Company officers use many different metrics to analyze their businesses. A key measure is sales, or revenues generated from the products or services the company provides.
Large corporations usually have many locations, or stores, that generate sales. Management will look at the sales generated by each of the stores, but will also combine the sales from many locations to see how the products are doing in total.
A company that is opening new stores (or closing older ones) will add a different measure when comparing sales from two different years (or other time periods): Stores that were open all of both years. These same store sales offer a fair comparison, year to year. The term same store comps (for comparables) is also used.
Home Depot as an Example of Sales
Home Depot is a large home improvement retail chain located primarily in the United States and Canada. As of this writing it has 2,248 stores. Each year, the company issues financial statements and other key information, so that investors can determine the financial and operational health of the business.
For Home Depot, as with most publicly traded companies, this takes the form of an annual report to shareholders, which is publicly available. Along with the financial statements, there is a letter to shareholders, where the officers of the company provide details on the year’s operations.
Companies use different fiscal year end dates, and Home Depot ends their fiscal year on January 31. For the 12 months ending 1/31/2021, total sales reported on Yahoo! Finance were $67,997 million, compared to $66,176 million in the period ending 1/31/2010, an increase of 2.8%, (incidentally, the first increase in sales in four years.)
Same Store Sales at Home Depot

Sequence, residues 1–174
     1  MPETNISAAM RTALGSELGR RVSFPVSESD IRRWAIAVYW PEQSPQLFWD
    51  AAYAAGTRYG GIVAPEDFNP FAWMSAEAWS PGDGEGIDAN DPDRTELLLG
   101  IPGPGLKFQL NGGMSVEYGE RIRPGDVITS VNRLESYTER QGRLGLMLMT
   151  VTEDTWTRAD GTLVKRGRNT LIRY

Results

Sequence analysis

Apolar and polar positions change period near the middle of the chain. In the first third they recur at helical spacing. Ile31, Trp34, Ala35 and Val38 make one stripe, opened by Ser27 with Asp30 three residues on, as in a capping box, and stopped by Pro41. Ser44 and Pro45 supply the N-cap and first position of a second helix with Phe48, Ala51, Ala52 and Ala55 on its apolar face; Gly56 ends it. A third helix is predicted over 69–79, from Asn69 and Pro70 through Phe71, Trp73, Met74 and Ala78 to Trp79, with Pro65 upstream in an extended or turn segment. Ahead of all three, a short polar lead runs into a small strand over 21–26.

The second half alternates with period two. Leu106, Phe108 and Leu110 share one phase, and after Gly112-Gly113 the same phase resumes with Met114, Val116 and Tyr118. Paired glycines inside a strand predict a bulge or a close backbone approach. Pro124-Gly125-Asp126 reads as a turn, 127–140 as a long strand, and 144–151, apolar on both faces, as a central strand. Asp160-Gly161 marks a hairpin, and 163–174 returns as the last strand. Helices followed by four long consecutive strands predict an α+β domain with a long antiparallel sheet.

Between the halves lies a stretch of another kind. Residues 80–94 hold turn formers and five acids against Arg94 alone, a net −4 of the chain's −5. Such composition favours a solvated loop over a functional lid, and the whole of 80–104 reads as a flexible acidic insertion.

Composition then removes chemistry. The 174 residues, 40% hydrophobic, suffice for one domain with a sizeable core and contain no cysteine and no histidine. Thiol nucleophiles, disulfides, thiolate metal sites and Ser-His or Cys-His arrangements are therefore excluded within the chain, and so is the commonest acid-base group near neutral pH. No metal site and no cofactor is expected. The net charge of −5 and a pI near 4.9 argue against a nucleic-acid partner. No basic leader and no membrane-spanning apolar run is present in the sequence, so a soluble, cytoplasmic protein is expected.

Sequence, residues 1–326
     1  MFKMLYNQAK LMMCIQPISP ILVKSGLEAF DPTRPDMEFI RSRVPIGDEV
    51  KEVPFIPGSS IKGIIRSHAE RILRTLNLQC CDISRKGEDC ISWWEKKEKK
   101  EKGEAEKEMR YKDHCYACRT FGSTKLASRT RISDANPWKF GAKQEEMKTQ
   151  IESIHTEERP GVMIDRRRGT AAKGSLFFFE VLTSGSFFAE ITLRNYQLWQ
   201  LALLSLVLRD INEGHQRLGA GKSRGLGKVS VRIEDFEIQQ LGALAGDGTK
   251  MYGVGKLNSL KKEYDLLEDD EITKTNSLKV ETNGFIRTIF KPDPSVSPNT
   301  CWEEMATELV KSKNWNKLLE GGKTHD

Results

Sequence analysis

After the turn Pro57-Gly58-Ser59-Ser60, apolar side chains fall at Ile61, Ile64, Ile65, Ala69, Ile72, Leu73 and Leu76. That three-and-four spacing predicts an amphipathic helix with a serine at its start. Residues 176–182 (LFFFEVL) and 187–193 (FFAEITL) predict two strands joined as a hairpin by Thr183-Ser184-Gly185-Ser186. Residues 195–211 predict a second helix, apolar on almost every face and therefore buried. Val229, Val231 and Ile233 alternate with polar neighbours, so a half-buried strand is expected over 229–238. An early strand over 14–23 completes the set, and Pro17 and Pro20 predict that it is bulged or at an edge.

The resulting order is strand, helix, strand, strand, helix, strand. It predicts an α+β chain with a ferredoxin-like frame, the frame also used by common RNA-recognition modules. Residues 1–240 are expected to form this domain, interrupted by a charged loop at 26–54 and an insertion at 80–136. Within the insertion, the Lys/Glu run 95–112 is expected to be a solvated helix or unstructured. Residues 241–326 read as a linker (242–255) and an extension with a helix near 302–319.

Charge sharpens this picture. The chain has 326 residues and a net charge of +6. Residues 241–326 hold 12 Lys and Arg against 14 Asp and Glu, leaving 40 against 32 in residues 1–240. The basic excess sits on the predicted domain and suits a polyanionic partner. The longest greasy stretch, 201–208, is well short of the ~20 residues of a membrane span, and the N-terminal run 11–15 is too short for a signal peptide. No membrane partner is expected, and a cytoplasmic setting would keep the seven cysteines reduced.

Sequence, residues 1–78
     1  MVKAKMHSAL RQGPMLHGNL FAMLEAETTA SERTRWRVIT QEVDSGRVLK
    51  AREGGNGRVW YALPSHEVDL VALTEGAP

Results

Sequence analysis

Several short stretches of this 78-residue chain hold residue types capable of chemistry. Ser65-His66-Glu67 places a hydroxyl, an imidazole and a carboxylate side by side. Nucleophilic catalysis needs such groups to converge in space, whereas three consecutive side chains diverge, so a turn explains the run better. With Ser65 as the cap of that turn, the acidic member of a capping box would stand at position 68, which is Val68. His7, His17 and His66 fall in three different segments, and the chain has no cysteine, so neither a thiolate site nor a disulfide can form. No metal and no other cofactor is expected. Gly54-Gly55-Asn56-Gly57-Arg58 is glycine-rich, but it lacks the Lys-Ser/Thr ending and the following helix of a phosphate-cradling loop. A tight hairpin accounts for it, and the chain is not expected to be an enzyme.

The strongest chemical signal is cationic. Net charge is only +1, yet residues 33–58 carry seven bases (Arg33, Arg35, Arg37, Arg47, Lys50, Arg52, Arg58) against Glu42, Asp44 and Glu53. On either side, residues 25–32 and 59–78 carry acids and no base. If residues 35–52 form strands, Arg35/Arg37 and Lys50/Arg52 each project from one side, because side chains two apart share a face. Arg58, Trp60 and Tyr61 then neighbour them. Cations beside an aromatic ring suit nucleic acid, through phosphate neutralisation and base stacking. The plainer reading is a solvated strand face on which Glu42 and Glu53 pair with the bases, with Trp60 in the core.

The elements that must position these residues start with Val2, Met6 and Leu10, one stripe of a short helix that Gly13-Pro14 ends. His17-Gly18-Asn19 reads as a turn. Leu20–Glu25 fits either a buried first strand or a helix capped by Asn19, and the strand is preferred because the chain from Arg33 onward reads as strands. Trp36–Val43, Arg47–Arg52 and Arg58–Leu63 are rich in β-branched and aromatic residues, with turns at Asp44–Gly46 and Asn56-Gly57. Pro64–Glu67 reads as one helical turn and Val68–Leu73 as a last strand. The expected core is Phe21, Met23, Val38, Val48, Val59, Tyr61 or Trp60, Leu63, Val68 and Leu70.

In its annual report, the CEO of Home Depot reports that the increase in same store sales was 2.9%, higher than its overall sales increase of 2.8%. This is an important statistic for management and investors, it that it looks at operations of groups of stores without confusing the issue with new stores in untested locations (the company has locations in Mexico and China) or for partial years.
Looking at gross sales alone, a company could hide problems by showing great growth in sales by opening new stores, while having declining sales at individual stores. Home Depot has a minimal difference between overall sales and same store sales, which is likely the result of one of two things:
Home Depot did not open a lot of stores in the comparison period
The stores that it did open managed to do roughly the same amount of business as the stores in the same store set.
For any company, looking at same store sales provides a key measurement of how existing business units are doing, rather than how much growth a company is undergoing. A business that cannot sustain sales at existing units is going to eventually run out of markets to place new stores.
Suggestions for Maximizing Customer Data
New and inventive ways of encouraging greater spending from repeat customers is one of the most powerful keys to small business growth.